As the sun sifted through the church’s stained glass window, the rays refused to comfort my shoulders with warmth.
It was reconciliation day at school, and as I shifted in my chair as the priest looked upon me with disappointed eyes, all I could was cry.
Between tears, I attempted to explain the root of my confusion. As I had gotten older, I had been told time and time again that the beliefs I held in my heart weren’t welcome.It should come at no surprise to readers now that politics is an inseperable part of my life. The older I became, the more I realized that my belief system I had developed in terms of reproductive rights, marriage equality and the like were in opposition to what leaders of my church told me to think. After being told the figures I idolized were baby-killers and that my thoughts would land me in Hell (if I started to shut up, purgatory, if I was lucky), I figured I would give up a way of life that consistently made me feel unworthy. Because religious adults in authority validated my peers’ criticism, I assumed that my beliefs were inherently at odds, and that I would never find a place in religion.
Every time I went to confession, I was hoping to get the reassurance in my belief that religion is so much more than manmade dogma and political pettiness. My admittance of the month that day was that I believed my best friend of 15 years, whom I loved more than life and happened to be gay, should be able to get married like the rest of us. As the young priest’s brow furrowed, he asked “Let me put it this way. Would you still be friends with a murderer or thief, too?” In my embarrassment, I straightened my plaid-skirt, choked back a sob, and ran to my locker as quickly as my saddle shoes could take me. I wish I was making this up, but I’m not.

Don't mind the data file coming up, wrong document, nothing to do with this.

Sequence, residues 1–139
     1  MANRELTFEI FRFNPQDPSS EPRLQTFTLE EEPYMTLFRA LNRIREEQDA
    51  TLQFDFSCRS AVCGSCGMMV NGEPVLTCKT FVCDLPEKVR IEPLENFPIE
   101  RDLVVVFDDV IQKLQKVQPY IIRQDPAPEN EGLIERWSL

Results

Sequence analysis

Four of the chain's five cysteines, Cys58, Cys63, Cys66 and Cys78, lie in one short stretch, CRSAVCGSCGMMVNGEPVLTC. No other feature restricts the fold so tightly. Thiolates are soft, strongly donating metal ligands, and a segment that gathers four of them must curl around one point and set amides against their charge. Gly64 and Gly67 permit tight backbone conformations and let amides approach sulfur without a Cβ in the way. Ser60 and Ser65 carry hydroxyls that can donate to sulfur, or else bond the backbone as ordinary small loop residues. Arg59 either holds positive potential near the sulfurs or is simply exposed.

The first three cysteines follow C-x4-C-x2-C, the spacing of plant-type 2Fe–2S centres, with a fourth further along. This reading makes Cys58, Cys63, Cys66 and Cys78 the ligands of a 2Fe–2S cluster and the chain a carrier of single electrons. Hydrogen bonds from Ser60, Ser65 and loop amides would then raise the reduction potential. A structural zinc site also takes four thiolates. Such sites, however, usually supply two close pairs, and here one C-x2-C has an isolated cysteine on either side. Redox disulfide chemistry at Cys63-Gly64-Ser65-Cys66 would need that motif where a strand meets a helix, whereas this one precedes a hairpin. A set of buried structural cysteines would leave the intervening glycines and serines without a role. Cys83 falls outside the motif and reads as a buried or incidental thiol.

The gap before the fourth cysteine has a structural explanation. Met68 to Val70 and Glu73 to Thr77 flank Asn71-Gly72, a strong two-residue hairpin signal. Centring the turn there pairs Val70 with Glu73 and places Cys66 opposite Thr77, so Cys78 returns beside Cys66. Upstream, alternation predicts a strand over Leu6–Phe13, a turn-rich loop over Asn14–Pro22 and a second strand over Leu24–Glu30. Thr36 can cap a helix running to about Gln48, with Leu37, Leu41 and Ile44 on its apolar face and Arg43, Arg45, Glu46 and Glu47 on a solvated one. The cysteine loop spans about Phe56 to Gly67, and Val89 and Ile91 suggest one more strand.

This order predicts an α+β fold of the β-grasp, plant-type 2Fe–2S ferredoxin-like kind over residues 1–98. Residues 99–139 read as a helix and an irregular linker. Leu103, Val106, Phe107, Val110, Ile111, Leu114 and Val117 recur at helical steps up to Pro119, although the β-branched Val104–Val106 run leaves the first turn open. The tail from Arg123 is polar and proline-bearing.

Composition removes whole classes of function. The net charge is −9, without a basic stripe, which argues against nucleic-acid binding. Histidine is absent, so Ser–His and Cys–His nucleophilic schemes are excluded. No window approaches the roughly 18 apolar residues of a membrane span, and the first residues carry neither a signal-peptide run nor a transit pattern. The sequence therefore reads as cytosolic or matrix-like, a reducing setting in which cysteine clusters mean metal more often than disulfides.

In a time in my life when I was so desperately trying to find myself, the Church that formerly validated all of my harmless childhood speculations now made me feel like an unwanted visitor. In my 21 years of living, I haven’t known a worse feeling yet.
As I moved away from people in my past who saw Catholicism in such a limited way and realized that their thoughts were not representative of the very diverse body of thought that comprises the Catholic Church, I’ve come to a really comfortable place in my personal spirituality (thank you, Jesuits).
But as things usually go, just as I’ve gotten comfortable, little reminders of toxic-youth-groups-past make their way into my daily life. For example, a student in one of my classes said this week, “If you’re Christian, you’re voting [insert political party here]. To be fair, the political party to which the student was alluding has made some interesting claims as of late. Donald Trump said recently, “I will be the best representative Christians have had in a long time.” The most recent scuffle between Cruz and Rubio stemmed from a fake video released by Cruz making Rubio seem unlearned on the Old Testament. Even Kasich has said that he wants to “export and ‘push’ America’s Judeo-Christian belief system across the world.” All I can think of when I hear these things is “please get over yourselves.”
American culture has always favored exceptionalist mindsets in a multitude of arenas, whether it is nationalism, racial privilege, gender roles or theocentrism. Since we have been ladled the kool-aid of being a Christian nation founded by white men, we have consequently coddled and protected that facet of the population in disproportionate ways.
When other groups make small steps of progress, “christian” politicians push back. Women have legal control of their bodies? That’s anti-Christian. The right to legal marriage being extended to all people? Anti-Christian. When undocumented immigrants are treated inhumanely, as young black children are killed innocently and the poor continue to get poorer and people of other faiths are disrespected, these same politicians remain comfortable and callous in their position of privilege.
I realized that the only explanation to people using their religion to explain otherwise illogical matters of politics or law, is fear. For what seems like the first time, people our age are beginning to question the phenomenon of paristan prayerfulness. It is time for our nation to stop validating religious exceptionalism, it is only holding us back.